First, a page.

Bo Qiu1, Eitarou Oka2, Stuart P. Bishop3, Shuiming Chen1, Andrea J. Fassbender4
1. University of Hawaii at Manoa
2. The University of Tokyo
3. North Carolina State University
4. Monterey Bay Aquarium Research Institute
After separating from the Japanese coast at 36°N, 141°E, the Kuroshio enters the open basin of the North Pacific, where it is renamed the Kuroshio Extension (KE). Free from the constraint of coastal boundaries, the KE has been observed to be an eastward-flowing inertial jet accompanied by large-amplitude meanders and energetic pinched-off eddies (see Qiu 2002 and Kelly et al. 2010 for comprehensive reviews). Compared to its upstream counterpart south of Japan, the Kuroshio, the KE is accompanied by a stronger southern recirculation gyre that increases the KE’s eastward volume transport to more than twice the maximum Sverdrup transport (~ 60Sv) in the subtropical North Pacific Ocean (Wijffels et al. 1998). This has two important consequences. Dynamically, the increased transport enhances the nonlinearity of the KE jet, rendering the region surrounding the KE jet to have the highest mesoscale activity level in the Pacific basin. Thermodynamically, the enhanced KE jet brings a significant amount of tropical-origin warm water to the mid-latitude ocean to be in direct contact with cold, dry air blowing off the Eurasian continent. This results in significant wintertime heat loss from the ocean to atmosphere surrounding the Kuroshio/KE paths, contributing to the formation of North Pacific subtropical mode water (STMW; see Hanawa and Talley (2001) and Oka and Qiu (2012) for comprehensive reviews).
Although the ocean is known to be a turbulent medium, variations in both the level of mesoscale eddy activity and the formation rate of STMW in the KE region are by no means random on interannual and longer timescales. One important feature emerging from recent satellite altimeter measurements and eddy-resolving ocean model simulations is that the KE system exhibits clearly defined decadal modulations between a stable and an unstable dynamical state (e.g., Qiu & Chen 2005, 2010; Taguchi et al. 2007; Qiu et al. 2007; Cebollas et al. 2009; Sugimoto and Hanawa 2009; Sasaki et al. 2013; Pierini 2014; Bishop et al. 2015). As shown in Figure 1, the KE paths were relatively stable in 1993–95, 2002–05, and 2010–15. In contrast, spatially convoluted paths prevailed during 1996–2001 and 2006–09. When the KE jet is in a stable dynamical state, satellite altimeter data further reveal that its eastward transport and latitudinal position tend to increase and migrate northward, its southern recirculation gyre tends to strengthen, and the regional eddy kinetic energy level tends to decrease. The reverse is true when the KE jet switches to an unstable dynamical state. In fact, the time-varying dynamical state of the KE system can be well represented by the KE index, defined by the average of the variance-normalized time series of the southern recirculation gyre intensity, the KE jet intensity, its latitudinal position, and the negative of its path length (Qiu et al. 2014). Figure 2a shows the KE index time series in the satellite altimetry period of 1993–present; here, a positive KE index indicates a stable dynamical state and a negative KE index, an unstable dynamical state. From Figure 2a, it is easy to discern the dominance of the decadal oscillations between the two dynamical states of the KE system.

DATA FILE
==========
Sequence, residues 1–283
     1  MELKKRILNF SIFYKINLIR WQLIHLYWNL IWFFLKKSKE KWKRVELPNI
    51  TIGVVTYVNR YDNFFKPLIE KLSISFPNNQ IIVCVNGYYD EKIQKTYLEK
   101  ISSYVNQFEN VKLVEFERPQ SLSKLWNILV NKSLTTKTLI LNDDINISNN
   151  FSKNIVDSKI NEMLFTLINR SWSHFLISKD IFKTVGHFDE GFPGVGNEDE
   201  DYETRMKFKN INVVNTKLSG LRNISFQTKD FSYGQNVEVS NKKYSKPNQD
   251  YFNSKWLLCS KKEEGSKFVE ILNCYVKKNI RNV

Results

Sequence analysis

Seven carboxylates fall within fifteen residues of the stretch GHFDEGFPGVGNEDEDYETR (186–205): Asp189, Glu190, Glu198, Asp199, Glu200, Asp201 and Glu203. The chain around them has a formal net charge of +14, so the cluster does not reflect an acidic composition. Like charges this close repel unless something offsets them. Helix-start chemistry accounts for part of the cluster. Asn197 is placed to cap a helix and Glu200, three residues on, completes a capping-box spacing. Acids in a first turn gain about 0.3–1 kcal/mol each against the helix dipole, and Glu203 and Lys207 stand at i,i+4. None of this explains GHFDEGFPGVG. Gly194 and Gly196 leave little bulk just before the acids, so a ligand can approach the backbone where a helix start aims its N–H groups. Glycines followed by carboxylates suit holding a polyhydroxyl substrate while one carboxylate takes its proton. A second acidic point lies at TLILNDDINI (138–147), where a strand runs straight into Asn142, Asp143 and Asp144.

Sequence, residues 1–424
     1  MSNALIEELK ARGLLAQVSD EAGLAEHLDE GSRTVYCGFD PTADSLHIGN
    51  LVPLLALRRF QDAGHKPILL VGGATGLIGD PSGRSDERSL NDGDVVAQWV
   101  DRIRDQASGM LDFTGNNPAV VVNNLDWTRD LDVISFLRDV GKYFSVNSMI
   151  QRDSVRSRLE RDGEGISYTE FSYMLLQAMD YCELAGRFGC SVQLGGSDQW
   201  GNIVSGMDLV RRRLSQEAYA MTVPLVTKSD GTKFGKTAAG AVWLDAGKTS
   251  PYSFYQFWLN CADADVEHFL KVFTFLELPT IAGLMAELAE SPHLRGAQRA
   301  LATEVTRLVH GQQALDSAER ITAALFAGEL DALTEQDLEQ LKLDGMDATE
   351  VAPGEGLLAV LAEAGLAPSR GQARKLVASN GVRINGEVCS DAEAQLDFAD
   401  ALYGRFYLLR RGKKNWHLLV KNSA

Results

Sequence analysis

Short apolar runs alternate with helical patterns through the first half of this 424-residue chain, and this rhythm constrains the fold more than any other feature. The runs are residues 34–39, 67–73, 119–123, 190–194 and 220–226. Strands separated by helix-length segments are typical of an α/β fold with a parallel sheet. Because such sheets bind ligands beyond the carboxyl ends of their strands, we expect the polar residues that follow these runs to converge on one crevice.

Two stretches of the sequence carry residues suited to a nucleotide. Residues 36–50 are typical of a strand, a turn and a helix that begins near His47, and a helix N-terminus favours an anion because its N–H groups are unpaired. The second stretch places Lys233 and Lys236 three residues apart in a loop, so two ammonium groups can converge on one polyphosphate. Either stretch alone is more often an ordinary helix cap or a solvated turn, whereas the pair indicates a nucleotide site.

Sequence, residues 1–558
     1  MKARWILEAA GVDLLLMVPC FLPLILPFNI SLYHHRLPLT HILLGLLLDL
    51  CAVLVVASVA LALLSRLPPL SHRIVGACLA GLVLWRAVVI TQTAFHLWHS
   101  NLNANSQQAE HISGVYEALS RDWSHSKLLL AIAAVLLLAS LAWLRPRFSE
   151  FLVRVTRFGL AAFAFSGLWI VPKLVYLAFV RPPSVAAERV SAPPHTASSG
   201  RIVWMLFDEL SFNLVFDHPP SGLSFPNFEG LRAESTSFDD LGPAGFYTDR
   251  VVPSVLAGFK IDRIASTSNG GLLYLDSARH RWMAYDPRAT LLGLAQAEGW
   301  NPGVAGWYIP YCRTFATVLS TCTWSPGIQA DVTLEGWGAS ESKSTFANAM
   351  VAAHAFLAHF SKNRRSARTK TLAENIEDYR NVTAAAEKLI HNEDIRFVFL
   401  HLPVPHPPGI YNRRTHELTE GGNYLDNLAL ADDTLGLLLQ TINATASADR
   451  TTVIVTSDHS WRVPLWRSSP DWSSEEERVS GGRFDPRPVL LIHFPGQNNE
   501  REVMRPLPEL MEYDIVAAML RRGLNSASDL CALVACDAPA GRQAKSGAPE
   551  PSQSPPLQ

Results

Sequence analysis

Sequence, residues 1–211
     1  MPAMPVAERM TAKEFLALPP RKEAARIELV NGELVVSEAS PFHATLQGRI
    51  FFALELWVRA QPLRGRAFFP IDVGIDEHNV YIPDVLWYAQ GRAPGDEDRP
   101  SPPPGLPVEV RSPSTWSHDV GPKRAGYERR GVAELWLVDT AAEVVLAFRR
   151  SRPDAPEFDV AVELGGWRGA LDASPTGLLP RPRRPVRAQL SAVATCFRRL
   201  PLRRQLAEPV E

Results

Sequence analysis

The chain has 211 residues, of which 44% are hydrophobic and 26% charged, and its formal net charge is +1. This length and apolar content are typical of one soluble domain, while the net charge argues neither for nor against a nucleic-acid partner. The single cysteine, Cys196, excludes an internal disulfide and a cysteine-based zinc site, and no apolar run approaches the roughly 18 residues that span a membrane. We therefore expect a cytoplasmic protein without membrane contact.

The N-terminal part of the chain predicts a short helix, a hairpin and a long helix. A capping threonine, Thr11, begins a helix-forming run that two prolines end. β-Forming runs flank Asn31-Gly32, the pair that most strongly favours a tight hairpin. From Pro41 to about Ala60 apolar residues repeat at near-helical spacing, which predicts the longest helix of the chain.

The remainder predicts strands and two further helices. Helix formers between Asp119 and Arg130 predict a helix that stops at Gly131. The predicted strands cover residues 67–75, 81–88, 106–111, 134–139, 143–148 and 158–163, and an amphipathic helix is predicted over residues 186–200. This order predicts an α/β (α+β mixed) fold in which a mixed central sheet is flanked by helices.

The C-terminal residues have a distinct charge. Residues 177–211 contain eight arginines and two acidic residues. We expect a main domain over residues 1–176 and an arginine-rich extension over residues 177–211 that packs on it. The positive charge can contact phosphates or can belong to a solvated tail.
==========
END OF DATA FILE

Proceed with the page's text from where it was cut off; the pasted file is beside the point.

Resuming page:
Transitions between the KE’s two dynamical states are caused by the basin-scale wind stress curl forcing in the eastern North Pacific related to the Pacific Decadal Oscillation (PDO). Specifically, when the central North Pacific wind stress curl anomalies are positive during the positive PDO phase (see Figure 2d), enhanced Ekman flux divergence generates negative local sea surface height (SSH) anomalies in 170°–150°W along the southern recirculation gyre latitude of 32°–34°N. As these wind-induced negative SSH anomalies propagate westward as baroclinic Rossby waves into the KE region after a delay of 3–4 years (Figure 2c), they weaken the zonal KE jet, leading to an unstable (i.e., negative index) state of the KE system with a reduced recirculation gyre and an active eddy kinetic energy field (Figure 2b). Negative anomalous wind stress curl forcing during the negative PDO phase, on the other hand, generates positive SSH anomalies through the Ekman flux convergence in the eastern North Pacific. After propagating into the KE region in the west, these anomalies stabilize the KE system by increasing the KE transport and by shifting its position northward, leading to a positive index state.